Sherlock shot him a dark look, but instead of replying he said to John, “Come along, John. I don’t have all day; there’s a new drink I am very near to perfecting.”
“Well I don’t want to take up your precious time,” John drawled a little sarcastically. He walked over to Sherlock and stopped beside him. “I’m sure with a little guidance I can learn them on my own.”
“Nonsense,” Sherlock declared before promptly turning his focus to the machine.
The man with Greg- was his name really Mycroft?- cleared his throat. “I believe it is up to Gregory to make the management decisions, Sherlock. You do not have any say over such things, no matter what you might think.”
“Yet Lestrade seconded my decision,” Sherlock replied smartly, taking yet another mug down. “I’ve heard change can be good at times, Mycroft. Perhaps you should look into it.”
“Sir? We should be going.”
John started at the new voice and turned to look, while Sherlock continued gathering things from the cupboards and refrigerator.
There was a tall woman, even taller in heels, standing next to the man with Greg. She was stunning, and in a very nicely fitting dress suit, and tapping away on the mobile in her hands.
“Just a minute please, Anthea.” The man said, only briefly glancing at her.
“The PM will be waiting, sir.”
“I’m sure he’s used to waiting,” Greg commented, resting more of his weight against the counter. “A few minutes more can’t hurt.” He didn’t say anything about the strange noises Sherlock was causing the machine to make.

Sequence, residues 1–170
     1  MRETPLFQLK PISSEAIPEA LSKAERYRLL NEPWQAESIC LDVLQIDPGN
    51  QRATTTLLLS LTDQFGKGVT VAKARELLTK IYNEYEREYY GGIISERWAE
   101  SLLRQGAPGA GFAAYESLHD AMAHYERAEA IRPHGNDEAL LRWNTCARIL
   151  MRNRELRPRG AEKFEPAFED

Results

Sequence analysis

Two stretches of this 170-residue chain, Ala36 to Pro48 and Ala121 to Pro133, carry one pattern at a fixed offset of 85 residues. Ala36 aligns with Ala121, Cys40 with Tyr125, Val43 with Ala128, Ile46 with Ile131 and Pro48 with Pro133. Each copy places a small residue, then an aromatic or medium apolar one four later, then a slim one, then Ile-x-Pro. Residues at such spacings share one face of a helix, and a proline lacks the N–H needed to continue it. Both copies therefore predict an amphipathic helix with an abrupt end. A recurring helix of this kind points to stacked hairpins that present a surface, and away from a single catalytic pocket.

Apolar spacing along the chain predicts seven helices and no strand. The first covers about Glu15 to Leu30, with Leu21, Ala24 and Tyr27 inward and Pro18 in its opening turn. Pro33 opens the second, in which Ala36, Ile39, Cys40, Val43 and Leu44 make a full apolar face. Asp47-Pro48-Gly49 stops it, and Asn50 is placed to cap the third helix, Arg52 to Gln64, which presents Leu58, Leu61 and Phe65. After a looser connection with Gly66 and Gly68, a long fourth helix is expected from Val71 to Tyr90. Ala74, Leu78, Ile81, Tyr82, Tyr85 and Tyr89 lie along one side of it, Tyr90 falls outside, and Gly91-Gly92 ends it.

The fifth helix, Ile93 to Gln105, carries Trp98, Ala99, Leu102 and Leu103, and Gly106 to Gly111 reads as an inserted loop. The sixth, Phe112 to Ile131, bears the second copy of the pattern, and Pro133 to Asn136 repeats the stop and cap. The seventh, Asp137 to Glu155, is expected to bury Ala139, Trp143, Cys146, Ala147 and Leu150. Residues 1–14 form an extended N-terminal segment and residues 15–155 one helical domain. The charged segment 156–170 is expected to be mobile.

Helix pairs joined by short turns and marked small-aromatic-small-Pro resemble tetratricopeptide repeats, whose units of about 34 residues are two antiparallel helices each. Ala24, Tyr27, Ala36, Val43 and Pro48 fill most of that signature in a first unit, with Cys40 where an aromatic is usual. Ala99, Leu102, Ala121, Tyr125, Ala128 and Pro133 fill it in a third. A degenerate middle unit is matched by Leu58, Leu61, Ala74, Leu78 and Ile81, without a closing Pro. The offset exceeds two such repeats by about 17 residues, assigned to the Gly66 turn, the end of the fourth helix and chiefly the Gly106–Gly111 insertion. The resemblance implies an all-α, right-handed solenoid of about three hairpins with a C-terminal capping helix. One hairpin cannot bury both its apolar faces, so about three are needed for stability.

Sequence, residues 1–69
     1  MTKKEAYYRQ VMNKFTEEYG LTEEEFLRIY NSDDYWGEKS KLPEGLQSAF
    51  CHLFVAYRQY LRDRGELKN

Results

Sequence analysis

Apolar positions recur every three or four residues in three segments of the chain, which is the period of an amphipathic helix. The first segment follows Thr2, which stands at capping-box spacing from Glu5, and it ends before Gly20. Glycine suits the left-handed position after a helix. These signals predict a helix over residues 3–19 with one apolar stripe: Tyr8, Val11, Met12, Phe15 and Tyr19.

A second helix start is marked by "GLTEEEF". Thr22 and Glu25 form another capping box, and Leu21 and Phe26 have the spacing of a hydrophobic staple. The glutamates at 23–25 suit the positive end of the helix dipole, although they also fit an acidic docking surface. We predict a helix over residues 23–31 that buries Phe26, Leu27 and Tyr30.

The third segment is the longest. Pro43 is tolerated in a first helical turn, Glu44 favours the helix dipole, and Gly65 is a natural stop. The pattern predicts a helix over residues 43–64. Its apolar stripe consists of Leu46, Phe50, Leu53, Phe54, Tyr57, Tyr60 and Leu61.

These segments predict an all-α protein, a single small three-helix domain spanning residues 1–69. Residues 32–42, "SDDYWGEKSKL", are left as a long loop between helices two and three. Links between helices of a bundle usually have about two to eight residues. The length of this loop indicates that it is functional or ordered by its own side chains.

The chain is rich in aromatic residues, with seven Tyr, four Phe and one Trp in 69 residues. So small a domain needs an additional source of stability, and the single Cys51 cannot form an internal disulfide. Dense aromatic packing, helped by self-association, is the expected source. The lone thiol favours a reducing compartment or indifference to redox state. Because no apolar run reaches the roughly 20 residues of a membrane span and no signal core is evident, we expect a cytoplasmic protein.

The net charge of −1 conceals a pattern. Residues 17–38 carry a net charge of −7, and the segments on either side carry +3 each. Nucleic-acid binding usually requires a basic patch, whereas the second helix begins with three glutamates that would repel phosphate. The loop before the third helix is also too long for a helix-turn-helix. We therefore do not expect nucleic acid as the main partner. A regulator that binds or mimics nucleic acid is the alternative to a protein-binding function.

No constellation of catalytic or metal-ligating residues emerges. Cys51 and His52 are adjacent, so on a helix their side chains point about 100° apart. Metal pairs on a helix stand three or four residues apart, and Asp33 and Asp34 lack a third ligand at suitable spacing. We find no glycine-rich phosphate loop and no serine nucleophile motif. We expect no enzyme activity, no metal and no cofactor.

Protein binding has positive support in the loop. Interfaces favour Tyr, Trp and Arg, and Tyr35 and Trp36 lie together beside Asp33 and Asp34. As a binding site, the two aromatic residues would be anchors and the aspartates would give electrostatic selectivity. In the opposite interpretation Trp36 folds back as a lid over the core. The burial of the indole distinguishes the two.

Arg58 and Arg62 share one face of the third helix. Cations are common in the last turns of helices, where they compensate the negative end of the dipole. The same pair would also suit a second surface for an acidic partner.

“Apologies, Gregory, but I really should be going,” Mycroft said as he rose from the stool. “It was good to see you. We must see each other again soon.”
“We’ll spend time together soon, Gregory. I plan to stay in the country for the foreseeable future.” Mycroft promised. After a moment he reached out and placed his hand over Greg’s. “We will spend more time together, I promise.”
“Oh go away already,” Sherlock snarled, with an audible eyeroll. “You’re making me ill.”
“An unintentional benefit,” the man commented with a slight smile. He turned away from the counter, taking the coat the woman held out to him. “Take care, Gregory,” he said as he pulled it on. “And John, I do hope Sherlock doesn’t manage to run you off before the days end. You do seem to be a pleasant, normal fellow.”
“Go away, Mycroft,” Sherlock snapped yet again, harsher.
“Yes, I think it is time to go, Anthea,” he announced, and they both started for the door. “Good day.”
“‘Bye Mycroft!” Greg called cheerfully.
As soon as the door clicked shut behind them, Greg turned on Sherlock. “I don’t understand why you just can’t get along with your brother. You two always have to be so difficult.”
Sherlock remained silent, continuing to tinker with the machine.
“That was your brother?” John asked, surprised. Now that he thought about it, their sniping did sound a lot like what most conversations between him and Harry dissolved into.
“Surprised I have a brother?” Sherlock asked, ice to the edge of his words.
“No, no it’s not that,” John quickly replied. “Well it is a bit, but I have a sister who I don’t get on with either.”
Sherlock suddenly froze, one hand on the mug and the other on the machine. A second later he spun to look intently at John. “Sister, you have a sister,” he hissed. “There’s always something.”
“Didn’t you just say you’re always right?” Greg reminded Sherlock as he carried the two mugs he and Mycroft had been using to the sink.
“Not a word,” Sherlock bit out, quickly resuming his drink-making.